We have been working on walking with some kids that are working on improving their weight shifting and all the mechanics that go with that. Many of them have hip weakness which we are addressing but we are also looking at other areas to address as well. With the hip weakness you can often see a trendelenberg pattern (when their hip drops on the leg they pick up to take a step with). One way kids counteract this is to lean their trunk towards the side that they are standing on when they pick up their other foot to take a step. This provides them some hip stability but it decreases their efficiency and increases their energy utilization because they now are actively moving their trunk side to side with every step. It also makes it harder to fix on a target when walking and can cause path deviation.
So, we decided to help them work on elongating their trunk while weight shifting onto the stance side. To do this, we used a balance board to simulate the weight shifting. As their hip strength and overall balance improves we can take the balance board away and have them shift into single leg stance but for now we decided to only add one new challenge to the task and let them keep both feet on a support surface. We placed a target above their right side and their left side that was just high enough for them to reach when they reached overhead.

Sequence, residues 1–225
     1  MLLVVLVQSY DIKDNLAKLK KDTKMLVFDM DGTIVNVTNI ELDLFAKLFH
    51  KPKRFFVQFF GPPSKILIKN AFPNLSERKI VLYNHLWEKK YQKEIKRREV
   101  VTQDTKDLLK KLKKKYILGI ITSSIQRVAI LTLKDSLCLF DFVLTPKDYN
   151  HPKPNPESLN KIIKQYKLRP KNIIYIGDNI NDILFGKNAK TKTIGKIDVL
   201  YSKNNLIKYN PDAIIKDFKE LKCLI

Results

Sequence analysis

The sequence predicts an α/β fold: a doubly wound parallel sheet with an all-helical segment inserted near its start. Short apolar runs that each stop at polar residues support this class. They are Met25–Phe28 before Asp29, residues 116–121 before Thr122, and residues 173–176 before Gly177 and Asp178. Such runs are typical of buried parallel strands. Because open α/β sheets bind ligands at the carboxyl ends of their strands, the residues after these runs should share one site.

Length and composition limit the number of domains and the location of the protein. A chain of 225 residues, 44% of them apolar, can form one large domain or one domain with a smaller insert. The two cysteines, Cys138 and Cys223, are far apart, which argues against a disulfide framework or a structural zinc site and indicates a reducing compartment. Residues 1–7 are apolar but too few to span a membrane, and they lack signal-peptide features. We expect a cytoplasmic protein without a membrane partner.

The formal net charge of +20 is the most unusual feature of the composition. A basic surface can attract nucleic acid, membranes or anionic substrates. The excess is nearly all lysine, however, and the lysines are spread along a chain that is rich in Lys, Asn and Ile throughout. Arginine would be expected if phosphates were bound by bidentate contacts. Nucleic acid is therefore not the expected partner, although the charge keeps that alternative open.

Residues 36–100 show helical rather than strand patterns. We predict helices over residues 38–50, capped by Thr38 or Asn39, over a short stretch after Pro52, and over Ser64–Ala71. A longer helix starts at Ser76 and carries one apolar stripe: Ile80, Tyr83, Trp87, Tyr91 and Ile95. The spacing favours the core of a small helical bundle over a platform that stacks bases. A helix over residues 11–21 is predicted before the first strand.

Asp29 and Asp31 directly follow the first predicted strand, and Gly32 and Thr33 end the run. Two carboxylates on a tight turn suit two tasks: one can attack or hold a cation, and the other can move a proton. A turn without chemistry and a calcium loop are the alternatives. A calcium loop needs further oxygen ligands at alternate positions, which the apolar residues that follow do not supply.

Once we were set up, we asked them to shift over to one side and at the same time reach overhead to hit the target. This resulted in them lengthening their trunk on the side they were shifted to (as opposed to shortening their trunk because they were leaning to that side). Once they hit the target they shifted over to the other side and repeated the process over there. We did this in sets of 10. After that we did some overland walking with light tactile cues at their hips and verbal cues to reach overhead when they were on their stance leg.
Did it miraculously change their walking? No, but it started to introduce a new motor pattern that will require a lot of repetitions to become second nature, and it will require continued strengthening of the hips. But it is another component to helping with a more energy efficient walking pattern! Just remember, it takes lots and lots of repetitions to change a motor pattern – repeat, repeat, repeat…
What ideas have you tried?